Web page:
After 14 long months of preparation, Ania Lichota is on her way to begin her journey to scale Mt. Everest to help build the Sarswati Peace School in Arupokhari village, Gorkha, a remote village in western Nepal. The challenge also carries special significance to Lichota as it will complete her seven summits challenge of scaling the highest peaks on every continent. Born in Communist Poland, where traveling abroad was unimaginable, she has now traveled to more than 50 countries and worked extensively in 16 countries. She encouraging the public to help her mission by contributing to the Peace School.
The Peace School hopes to secure a more vibrant, open and promising future for Nepal by investing in the social and emotional recovery and development of the country's war-affected children. The Sarswati Peace Schools will help children aged 4-15 years affected by the violence of civil war (1996-2006) reclaim their passion and joy while providing the academic and psychological support they require to lead whole and healed lives. Drawing on the resources of our rich cultural heritage and play-based curriculum from around the world, it will integrate visual arts, music, dance, story and sports as a way to facilitate reconciliation and trauma healing.
With the Mt. Everest expedition, Lichota is also commemorating two outstanding and world-renowned Polish climbers; Wanda Rutkiewicz and Jerzy Kukuczka, both of whom died while climbing mountains in Nepal. Rutkiewicz was the first European woman and the first Polish person to climb Mount Everest successfully in 1978. She died while descending from K2 in the summer of 1986. Jerzy Kukuczka became the second man, after Reinhold Messner, to climb all 14 mountains higher than 8,000 meters. He died while attempting an alpine style climb of the unclimbed South face of Lhotse (8,516 meters) in 1989 in Nepal. The Peace School will also bear their names.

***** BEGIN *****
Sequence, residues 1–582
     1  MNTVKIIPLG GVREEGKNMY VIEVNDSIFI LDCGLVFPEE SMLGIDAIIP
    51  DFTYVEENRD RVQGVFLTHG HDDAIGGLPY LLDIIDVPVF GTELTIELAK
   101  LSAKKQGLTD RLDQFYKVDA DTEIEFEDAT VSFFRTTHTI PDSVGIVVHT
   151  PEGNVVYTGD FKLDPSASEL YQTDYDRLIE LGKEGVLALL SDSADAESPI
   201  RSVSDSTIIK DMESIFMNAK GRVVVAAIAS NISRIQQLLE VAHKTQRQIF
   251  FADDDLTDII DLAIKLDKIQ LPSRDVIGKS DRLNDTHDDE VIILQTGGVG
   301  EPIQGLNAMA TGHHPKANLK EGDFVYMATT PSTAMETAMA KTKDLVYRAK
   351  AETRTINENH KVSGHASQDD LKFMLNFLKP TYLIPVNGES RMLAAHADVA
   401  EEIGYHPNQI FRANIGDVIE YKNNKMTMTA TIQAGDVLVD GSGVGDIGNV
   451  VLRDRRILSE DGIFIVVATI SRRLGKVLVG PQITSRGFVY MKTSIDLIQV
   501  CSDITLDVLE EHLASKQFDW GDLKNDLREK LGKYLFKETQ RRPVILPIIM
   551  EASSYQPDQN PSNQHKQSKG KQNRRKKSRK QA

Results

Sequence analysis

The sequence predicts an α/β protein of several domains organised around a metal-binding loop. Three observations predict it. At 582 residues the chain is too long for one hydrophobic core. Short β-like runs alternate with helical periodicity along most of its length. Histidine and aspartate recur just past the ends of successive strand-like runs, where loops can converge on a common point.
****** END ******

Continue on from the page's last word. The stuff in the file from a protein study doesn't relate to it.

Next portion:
Lichota, apart from working full time for an investment bank in London, is a motivational and inspirational public speaker, mentor to high performing teams and a personal and executive coach. Through climbing the highest peaks on every continent, she's gained unprecedented insights into individual and group performance and psychology and how people deal with complexity and adversity in extreme environments. Lichota translates her findings into a framework of self improvement and leadership development strategies. She trains others to achieve what they think is not possible by enhancing their beliefs, building self and cross-cultural awareness and empowering people to explore their true potential. Coming from Communist Poland, which underwent an economic and social transformation, she understands the need to give young people a chance to develop and learn in a loving, free and supportive environment.
Lichota's climbing adventures have always been motivated by humanitarian causes. In the past, she raised more than $30,000 for UNICEF and for a Polish Orphanage. I met Lichota at the European Summit for Global Transformation (ESGT) in Rotterdam in November 2009. After my 19 minute presentation at the summit, she announced that she would be supporting my plan to build the first Peace School in Nepal as a way to help Nepalese children navigate through the post-conflict society.
Lichota's conviction and determination speaks volumes about her selfless desire to help people and communities that are languishing in remote corners of the world. Her attempt to scale Mt. Everest carries immense importance to the people of Arupokhari, Nepal and to the people of Poland. She will make us all proud.
We wish her all the best!